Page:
Banditry and subversion in Croatia at the end of the long nineteenth century

The gradual decline of the Austro-Hungarian political power during the last phase of the First World War consequently led to the collapse of its, previously solidly established, repressive mechanisms. On one hand, mass mobilization of police officers that were sent to the battlefield raised a questi...

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Bibliographic Details
Main Author: Pejić Luka
Format: Article
Published: 2020
Series:Mediterrán tanulmányok 30
Kulcsszavak:Horvátország története - 19. sz.
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Online Access:http://acta.bibl.u-szeged.hu/72095
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Summary:The gradual decline of the Austro-Hungarian political power during the last phase of the First World War consequently led to the collapse of its, previously solidly established, repressive mechanisms. On one hand, mass mobilization of police officers that were sent to the battlefield raised a question of public security and increasing crime rates in some cities, including those in Croatia. For example, according to certain data, almost 70% of policemen from Osijek were recruited by the military when the war broke out. Moreover, scarcity of the working force and different provisions affected general productivity, while lack of certain materials, such as paper, posed a great challenge to authorities in their attempt to establish an effective communication network with their subordinates, or print new legal regulations. Wave of socialist revolutions in Europe (Russia, Germany, Hungary) undoubtedly made a significant impact on some members of the Croatian society between 1917 and 1919. Following the decades of ideological and organizational development of the domestic labor movement, some Croatian activists actively supported or even participated in the communist uprising in Russia and Béla Kun’s Hungarian Soviet Republic at the very end of the long 19th century. It is fascinating that several attempts were made to form short-lived socialist republics on the Croatian or neighboring Hungarian territory. Concerning that, the return of soldiers from the Eastern Front, where they were exposed to the Bolshevik ideology, made the distribution of such subversive ideas even stronger. As it became clear that the war defeat was inevitable, while the concept of a new South Slavic state was getting closer to its political realization, defection hit the Monarchy’s army en masse. Groups of army deserters and other radicalized individuals, known as “Green Cadres” (zeleni kadar), took part in collective banditry that lasted for years in Croatia-Slavonia. This presentation will question the correlation between the collapse of the Monarchy’s repressive mechanisms during the period of significant sociopolitical transformation and the spread of subversive socialist ideas as well as banditry, using the Croatian context as a specific case study.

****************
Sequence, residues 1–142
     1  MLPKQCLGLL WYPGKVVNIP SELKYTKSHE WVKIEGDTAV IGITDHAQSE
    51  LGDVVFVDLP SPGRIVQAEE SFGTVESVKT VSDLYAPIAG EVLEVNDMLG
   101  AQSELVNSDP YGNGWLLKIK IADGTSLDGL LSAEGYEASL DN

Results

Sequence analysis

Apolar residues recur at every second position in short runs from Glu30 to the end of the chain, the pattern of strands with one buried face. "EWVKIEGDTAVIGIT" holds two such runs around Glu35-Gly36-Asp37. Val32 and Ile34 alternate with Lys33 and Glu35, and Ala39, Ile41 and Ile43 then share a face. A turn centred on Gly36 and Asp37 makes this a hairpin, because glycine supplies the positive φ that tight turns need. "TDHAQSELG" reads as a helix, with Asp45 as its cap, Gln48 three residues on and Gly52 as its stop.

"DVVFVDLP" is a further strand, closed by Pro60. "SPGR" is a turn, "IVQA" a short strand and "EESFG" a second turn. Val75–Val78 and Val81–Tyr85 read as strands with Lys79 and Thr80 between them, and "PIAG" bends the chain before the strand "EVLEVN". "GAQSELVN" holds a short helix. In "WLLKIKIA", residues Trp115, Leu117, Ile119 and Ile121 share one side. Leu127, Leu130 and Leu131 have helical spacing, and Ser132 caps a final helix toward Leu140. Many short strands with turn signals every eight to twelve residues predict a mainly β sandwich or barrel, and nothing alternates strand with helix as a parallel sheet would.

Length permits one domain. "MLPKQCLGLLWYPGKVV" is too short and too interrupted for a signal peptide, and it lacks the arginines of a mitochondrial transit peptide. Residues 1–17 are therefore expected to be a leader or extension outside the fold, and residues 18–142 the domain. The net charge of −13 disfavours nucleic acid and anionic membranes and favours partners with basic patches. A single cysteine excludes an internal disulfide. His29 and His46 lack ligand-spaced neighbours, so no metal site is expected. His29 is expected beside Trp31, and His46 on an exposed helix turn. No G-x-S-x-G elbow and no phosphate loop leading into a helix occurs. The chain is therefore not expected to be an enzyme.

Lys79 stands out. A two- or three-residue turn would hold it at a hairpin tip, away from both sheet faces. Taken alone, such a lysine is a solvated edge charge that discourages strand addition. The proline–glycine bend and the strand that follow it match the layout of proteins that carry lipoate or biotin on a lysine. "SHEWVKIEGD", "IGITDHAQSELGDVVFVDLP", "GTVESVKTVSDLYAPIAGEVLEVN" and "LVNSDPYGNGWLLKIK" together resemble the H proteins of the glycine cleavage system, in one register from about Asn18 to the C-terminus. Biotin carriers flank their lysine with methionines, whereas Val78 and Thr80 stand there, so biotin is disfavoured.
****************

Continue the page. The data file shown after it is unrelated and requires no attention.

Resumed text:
Physical Description:187-205
ISSN:0238-8308